I can’t even count the number of times we have bought fresh vegetables with the intent to use them for dinner within the next couple of days. Usually it ends with us trying to figure out if said vegetables were still good enough to use to cook with a week or so later. Sometimes they just aren’t which means we wasted money and food, two things that I do not like to do.
So we often will buy frozen veggies instead but it always felt like we were compromising something by doing so.
But it turns out that we weren’t.
Did you know that frozen vegetables have as much, if not more, nutritional value than fresh?
The University of California, Davis, in partnership with the Frozen Food Foundation recently conducted a study and what they discovered was super interesting and makes me feel so much better about serving frozen vegetables to my family.
The study revealed that frozen fruits and vegetables are most often (or generally) nutritionally equal to – and in some cases better than – their fresh counterparts.
The University of California-Davis (UC Davis), in partnership with the Frozen Food Foundation, conducted an in-depth study to evaluate the nutrient content of eight commonly-purchased frozen and fresh fruits and vegetables:
- The study analyzed vitamins B2 (riboflavin), C and E, and B-carotene (a precursor to vitamin A); the minerals calcium, magnesium, zinc, copper and iron; dietary fiber; and total phenolics (health-promoting plant compounds).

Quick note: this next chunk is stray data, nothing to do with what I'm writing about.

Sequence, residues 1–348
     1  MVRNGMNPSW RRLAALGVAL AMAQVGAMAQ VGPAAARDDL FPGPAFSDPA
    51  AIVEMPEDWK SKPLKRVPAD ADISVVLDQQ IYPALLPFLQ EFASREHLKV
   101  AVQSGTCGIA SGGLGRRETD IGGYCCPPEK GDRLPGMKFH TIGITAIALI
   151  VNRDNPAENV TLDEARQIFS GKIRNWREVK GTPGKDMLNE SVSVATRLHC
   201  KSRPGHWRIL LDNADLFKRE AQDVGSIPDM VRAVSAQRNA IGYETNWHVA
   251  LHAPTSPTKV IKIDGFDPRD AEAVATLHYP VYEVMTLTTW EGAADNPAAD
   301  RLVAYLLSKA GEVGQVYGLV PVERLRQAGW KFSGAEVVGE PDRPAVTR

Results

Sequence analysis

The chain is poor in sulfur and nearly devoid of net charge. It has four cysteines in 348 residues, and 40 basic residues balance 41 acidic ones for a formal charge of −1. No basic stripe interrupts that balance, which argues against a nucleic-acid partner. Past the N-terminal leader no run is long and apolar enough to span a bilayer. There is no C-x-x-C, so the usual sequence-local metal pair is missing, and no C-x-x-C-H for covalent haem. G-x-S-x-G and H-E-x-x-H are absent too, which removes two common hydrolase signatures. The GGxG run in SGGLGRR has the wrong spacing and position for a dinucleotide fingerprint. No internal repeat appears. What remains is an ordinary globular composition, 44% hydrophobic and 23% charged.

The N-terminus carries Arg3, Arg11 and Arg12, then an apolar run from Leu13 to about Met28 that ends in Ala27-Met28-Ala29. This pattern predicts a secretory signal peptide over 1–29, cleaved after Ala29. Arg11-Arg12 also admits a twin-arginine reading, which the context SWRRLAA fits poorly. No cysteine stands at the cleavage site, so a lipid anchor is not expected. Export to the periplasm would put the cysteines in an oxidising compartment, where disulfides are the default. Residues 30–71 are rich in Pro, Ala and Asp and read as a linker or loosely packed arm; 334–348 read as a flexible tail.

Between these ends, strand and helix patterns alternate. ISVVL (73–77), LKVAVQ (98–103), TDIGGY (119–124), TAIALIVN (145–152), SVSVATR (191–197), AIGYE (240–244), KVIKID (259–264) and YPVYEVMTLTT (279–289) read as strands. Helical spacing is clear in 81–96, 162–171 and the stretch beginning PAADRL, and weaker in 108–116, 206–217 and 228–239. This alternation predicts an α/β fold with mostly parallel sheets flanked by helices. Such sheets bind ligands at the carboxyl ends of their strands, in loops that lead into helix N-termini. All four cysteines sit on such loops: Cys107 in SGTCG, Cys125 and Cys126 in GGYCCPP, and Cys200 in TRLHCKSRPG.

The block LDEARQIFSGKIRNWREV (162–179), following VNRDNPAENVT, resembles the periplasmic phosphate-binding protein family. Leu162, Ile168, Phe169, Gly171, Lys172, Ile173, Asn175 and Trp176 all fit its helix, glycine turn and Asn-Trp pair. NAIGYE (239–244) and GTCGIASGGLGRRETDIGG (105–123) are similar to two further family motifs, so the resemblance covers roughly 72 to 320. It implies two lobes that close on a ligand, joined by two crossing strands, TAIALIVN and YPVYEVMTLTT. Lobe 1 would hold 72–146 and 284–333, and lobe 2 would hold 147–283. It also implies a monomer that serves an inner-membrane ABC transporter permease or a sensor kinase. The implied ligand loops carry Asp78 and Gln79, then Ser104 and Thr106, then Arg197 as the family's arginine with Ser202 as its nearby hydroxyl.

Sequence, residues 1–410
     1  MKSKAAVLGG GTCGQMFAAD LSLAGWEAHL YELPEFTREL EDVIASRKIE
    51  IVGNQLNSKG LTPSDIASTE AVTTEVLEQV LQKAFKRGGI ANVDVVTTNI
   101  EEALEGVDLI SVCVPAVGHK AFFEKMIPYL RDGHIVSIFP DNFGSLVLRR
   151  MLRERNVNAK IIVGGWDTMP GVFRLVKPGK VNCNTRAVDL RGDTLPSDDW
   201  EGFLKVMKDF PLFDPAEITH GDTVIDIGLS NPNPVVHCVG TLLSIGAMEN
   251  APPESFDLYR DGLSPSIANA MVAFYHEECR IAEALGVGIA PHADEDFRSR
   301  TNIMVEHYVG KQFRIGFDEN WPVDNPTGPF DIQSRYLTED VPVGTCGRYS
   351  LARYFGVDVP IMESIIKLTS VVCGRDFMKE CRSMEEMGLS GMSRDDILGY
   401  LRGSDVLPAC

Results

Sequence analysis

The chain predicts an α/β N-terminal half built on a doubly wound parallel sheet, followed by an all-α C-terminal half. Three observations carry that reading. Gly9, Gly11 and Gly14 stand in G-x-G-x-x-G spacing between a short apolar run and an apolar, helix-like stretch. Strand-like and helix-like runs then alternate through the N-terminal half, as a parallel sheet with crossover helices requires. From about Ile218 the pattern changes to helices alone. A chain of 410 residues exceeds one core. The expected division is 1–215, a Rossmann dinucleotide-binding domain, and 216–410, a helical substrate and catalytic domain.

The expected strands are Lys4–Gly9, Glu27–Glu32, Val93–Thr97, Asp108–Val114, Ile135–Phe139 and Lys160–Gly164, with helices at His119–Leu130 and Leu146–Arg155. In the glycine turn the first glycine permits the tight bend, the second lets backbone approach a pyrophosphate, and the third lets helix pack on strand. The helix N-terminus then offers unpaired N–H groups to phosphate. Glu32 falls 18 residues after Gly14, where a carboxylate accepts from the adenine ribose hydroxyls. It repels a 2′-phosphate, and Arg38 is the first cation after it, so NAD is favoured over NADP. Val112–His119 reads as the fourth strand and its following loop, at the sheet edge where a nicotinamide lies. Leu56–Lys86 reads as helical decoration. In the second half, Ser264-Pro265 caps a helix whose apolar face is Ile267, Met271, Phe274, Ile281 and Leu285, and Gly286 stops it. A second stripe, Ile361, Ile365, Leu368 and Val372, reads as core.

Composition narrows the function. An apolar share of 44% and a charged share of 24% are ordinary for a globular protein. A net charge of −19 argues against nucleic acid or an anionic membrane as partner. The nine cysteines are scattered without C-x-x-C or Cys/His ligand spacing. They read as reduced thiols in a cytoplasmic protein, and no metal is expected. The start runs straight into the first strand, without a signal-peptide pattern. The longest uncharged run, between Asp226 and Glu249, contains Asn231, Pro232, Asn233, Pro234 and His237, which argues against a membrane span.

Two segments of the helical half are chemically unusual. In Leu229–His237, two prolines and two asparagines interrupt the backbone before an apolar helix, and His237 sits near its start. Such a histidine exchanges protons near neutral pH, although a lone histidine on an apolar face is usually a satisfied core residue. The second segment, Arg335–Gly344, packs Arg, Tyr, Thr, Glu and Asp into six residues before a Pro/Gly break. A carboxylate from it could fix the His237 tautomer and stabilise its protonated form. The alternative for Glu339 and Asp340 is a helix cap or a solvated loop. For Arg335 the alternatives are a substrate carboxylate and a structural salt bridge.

- Results reveal that frozen fruits and vegetables are most often (or generally) nutritionally equal to – and in some cases better than – their fresh counterparts.
This makes me so happy! Frozen vegetables not only keep us from wasting food and money on vegetables that go bad, they are so convenient and actually save money as well. It’s very reassuring to know that frozen veggies are not a compromise, that they actually are just as nutritionally dense as the fresh version!
The same is true of fruit as well!
Some interesting things to note:
- Since they are picked and frozen at their peak ripeness, the nutrition is locked in – freezing is like a pause button for fruits and vegetables!
- Nearly 90% of Americans do not get enough vegetables in their diets.
- Nearly 80% of Americans do not get enough fruit in their diets.
- The nutrients found in fruits and vegetables may help combat chronic disease.
On top of all that, frozen vegetables are delicious! I shouldn’t admit it but after making the Sauteed Asian Green Beans with Honey & Garlic Sauce recipe below, I ate the entire bag of green beans myself. A 12oz. bag of frozen green beans. They were SO GOOD!
- 1 – 12oz. bag of frozen green beans
- 3 tbsp coconut oil
- 1/2 tsp salt
- 1 tbsp minced garlic
- 1 tbsp coconut aminos or soy sauce
- 1 tbsp raw honey
- 1 tbs water
- t tbsp slivered almonds
- In a large skillet, heat coconut oil and add in frozen green beans and salt.
- Saute green beans until until tender and browned, around 8 minutes give or take.
- In the meantime, in a small bowl, stir honey, coconut aminos (or soy sauce) and water and set aside.
- When the beans are browned, reduce heat to low and add in garlic. Stir constantly until garlic is fragrant – around 20 seconds.
- Pour in honey sauce and stir constantly for 30 seconds allowing the honey to form a glaze on the beans.
- Remove from heat and stir in slivered almonds.
- Serve and enjoy.
I really did eat the whole bag. At once. In one sitting.
For more information about frozen fruits and veggies make sure to follow the Frozen Food Foundation on their social channels:
What is your favorite frozen vegetable?
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